The once forbidding Arctic region, home to polar bears and ice-covered seas, has melted enough that this summer it’s open not only for shipping but high-end tourism.
Scientists have long predicted this moment, although as recently as last year, a scientific study found the Northwest Passage would remain too unpredictable for regular shipping for some time to come. But that hasn’t stopped some commercial shipping vessels from already making the journey. Nor did it stop the planning for the Arctic’s inaugural cruise — a journey that will mark the first case of mega-scale tourism in one of last virtually untouched landscapes left in the world.
As many as 1,700 passengers and crew were expected to be on board the Crystal Serenity, which will transit the Bering Strait and visit Greenland. Tickets for the historic journey started at about $22,000 and went into the six figures. That price doesn’t include extras that guests can book, such as a helicopter ride or side excursion to a Greenland glacier.
Despite the cost, the trip sold out quickly, and the company behind it said a second journey is already in the planning.
The location might be the Arctic, but the Crystal Serenity’s 1,100 guests aren’t exactly roughing it. The $350 million ship is 820 feet long and has 13 decks and 535 state rooms. It has a driving range and putting green, a casino, a movie theater, half a dozen restaurants, multiple pools and a library with thousands of books, games and DVDs. There’s also a spa, fitness center, hair salon and 24-hour complimentary room service.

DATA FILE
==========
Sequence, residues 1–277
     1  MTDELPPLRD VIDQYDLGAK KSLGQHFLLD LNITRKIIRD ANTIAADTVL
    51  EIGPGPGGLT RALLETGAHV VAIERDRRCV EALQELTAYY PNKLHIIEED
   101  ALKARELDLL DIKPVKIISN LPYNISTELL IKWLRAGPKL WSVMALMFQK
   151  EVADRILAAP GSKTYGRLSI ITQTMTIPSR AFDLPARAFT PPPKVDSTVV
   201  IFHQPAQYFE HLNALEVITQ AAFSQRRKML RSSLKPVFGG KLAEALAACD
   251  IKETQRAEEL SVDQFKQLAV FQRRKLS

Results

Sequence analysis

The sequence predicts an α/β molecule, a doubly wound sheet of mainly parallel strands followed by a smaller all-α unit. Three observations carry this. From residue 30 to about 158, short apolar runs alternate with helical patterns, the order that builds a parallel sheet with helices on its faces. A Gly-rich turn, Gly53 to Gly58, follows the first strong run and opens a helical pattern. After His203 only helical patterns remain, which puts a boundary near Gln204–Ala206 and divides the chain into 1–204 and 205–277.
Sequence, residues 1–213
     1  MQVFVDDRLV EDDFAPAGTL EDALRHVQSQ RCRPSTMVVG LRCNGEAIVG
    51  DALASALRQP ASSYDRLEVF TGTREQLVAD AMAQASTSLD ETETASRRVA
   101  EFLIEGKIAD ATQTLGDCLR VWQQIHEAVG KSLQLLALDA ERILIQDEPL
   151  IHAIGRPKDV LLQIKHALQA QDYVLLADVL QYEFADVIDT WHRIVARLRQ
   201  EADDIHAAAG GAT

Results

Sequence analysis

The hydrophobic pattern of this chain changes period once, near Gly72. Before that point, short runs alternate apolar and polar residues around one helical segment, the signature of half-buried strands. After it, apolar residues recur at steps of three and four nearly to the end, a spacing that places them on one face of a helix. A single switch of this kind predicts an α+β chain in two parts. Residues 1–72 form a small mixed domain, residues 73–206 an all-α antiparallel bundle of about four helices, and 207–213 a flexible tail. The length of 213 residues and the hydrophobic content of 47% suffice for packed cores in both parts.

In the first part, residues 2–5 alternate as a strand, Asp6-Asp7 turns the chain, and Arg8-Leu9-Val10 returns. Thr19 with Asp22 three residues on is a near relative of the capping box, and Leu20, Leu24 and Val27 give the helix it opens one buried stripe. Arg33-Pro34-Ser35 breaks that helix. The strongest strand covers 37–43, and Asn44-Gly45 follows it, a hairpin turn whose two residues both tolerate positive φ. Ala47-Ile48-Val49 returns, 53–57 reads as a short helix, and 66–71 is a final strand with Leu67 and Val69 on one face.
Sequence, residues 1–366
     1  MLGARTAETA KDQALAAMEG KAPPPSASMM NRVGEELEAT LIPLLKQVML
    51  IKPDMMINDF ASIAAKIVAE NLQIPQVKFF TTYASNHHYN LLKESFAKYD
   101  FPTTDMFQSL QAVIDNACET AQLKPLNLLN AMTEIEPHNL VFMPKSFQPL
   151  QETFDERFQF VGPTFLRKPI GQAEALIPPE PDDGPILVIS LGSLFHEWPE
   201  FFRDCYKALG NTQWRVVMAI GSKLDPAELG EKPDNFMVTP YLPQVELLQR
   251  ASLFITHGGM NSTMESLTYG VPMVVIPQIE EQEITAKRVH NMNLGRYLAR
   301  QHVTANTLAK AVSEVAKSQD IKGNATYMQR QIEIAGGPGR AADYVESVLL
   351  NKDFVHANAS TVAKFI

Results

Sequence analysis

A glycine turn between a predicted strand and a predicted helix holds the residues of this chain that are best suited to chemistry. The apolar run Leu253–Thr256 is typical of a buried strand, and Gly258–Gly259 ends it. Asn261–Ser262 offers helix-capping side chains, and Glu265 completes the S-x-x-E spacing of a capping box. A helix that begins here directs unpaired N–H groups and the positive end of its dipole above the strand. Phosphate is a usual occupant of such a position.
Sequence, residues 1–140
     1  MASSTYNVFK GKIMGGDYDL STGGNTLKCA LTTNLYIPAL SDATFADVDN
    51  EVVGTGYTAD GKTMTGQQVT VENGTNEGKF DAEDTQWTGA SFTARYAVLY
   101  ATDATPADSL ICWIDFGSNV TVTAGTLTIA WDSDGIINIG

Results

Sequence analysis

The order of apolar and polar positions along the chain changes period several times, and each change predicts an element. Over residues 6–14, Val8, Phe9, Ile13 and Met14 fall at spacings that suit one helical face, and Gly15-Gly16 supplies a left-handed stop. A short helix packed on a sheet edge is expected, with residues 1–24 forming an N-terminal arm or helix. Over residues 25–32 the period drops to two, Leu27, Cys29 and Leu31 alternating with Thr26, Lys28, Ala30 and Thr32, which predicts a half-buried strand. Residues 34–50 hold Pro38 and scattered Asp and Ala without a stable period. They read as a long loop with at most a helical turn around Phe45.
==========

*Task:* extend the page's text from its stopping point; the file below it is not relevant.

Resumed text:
More than anything, the cruise is a symbol, a harbinger of the tourism and commercial traffic that is likely to fill the once-isolated, ice-choked waters of the Arctic. Many scientists have projected that the ocean could become virtually free of ice during summers at some point, perhaps as soon as the next few decades.
That would leave the passage open to a wave of ships that could transform what, until now, has been among the least traveled places on Earth. Such a scenario has caused angst among those eager to explore the Arctic as well as those who want it protected.
The expedition also has raised safety concerns. The Northwest Passage is extremely isolated and remote. The small towns that dot its shores could hardly handle an influx of patients if there were a major medical emergency. And were the ship to somehow get stranded or need help, sending aid could be dangerous, uncertain and massively challenging.
“If the entire ship — all 1,000 passengers, all 600 crew — require search and rescue, for instance, if the ship sinks, then that would actually break the Canadian search-and-rescue system,” Michael Byers, a research chair in global politics and international law at the University of British Columbia, told the CBC news.
“The area is plagued by a lack of adequate nautical charts, virtually no navigation aids, poor communication systems, and a lack of infrastructure,” Roger Rufe, a former vice admiral of the U.S. Coast Guard, said recently. The Bering Strait, which includes a passage as narrow as 55 miles in one location, is of “principal concern,” he said.